Formula One’s planned engine changes for 2021 show the sport has paid attention to feedback from fans, according to Ross Brawn.
“The 2021 power unit is an example of the future way the FIA as regulators, F1 as commercial right holders, the teams and the manufacturers as stakeholders will work together for the common good of the sport,” said Brawn, F1’s managing director for motorsports.
“The proposal presented today was the outcome of a series of meeting which took place during 2017 with the current teams participating in the FIA Formula One World Championship and the manufacturers who showed their interest to be part of the pinnacle of motor sport.”
“Also, we’ve carefully listened to what the fans think about the current PU and what they would like to see in the near future with the objective to define a set of regulations which will provide a powertrain that is simpler, cheaper and noisier and will create the conditions to facilitate new manufacturers to enter Formula One as powertrain suppliers and to reach a more levelled field in the sport.”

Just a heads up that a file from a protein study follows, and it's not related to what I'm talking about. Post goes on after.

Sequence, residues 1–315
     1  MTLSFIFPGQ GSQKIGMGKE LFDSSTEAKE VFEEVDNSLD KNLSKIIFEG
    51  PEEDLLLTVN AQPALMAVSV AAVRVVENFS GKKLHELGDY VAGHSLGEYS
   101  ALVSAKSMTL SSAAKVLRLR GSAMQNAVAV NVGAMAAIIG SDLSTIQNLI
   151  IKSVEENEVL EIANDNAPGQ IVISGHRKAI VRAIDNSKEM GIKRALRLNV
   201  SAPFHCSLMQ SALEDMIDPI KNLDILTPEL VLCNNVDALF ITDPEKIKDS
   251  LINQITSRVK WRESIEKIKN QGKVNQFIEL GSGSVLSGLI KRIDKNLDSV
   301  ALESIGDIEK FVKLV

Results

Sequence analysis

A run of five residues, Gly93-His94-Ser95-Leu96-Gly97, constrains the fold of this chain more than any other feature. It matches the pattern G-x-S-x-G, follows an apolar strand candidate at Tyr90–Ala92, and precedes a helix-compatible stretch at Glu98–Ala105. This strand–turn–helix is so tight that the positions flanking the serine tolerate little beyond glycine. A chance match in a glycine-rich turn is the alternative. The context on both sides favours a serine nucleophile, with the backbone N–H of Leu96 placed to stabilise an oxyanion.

Formula One’s current generation of V6 hybrid turbo power units, introduced in 2014, face criticism from some for being quieter than the previous normally aspirated V8s. From 2021 the MGU-H energy recovery systems will be removed and the rev limit of the engines will be increased, which should mean they make more noise.
“The new F1 has the target to be the world’s leading global sports competition married to state of the art technology,” said Brawn. “To excite, engage, and awe fans of all ages but to do so in a sustainable manner. We believe that the future power unit will achieve this.”
2017 F1 season
- Stripping Verstappen of 2017 US podium was “one of the toughest decisions” – steward
- Sepang pays Haas compensation for Grosjean’s 2017 crash
- Williams revenues rose in 2017 after Bottas deal with Mercedes
- New kerbs at COTA in response to Verstappen’s corner-cutting
- Australian Grand Prix cost government £56 million last year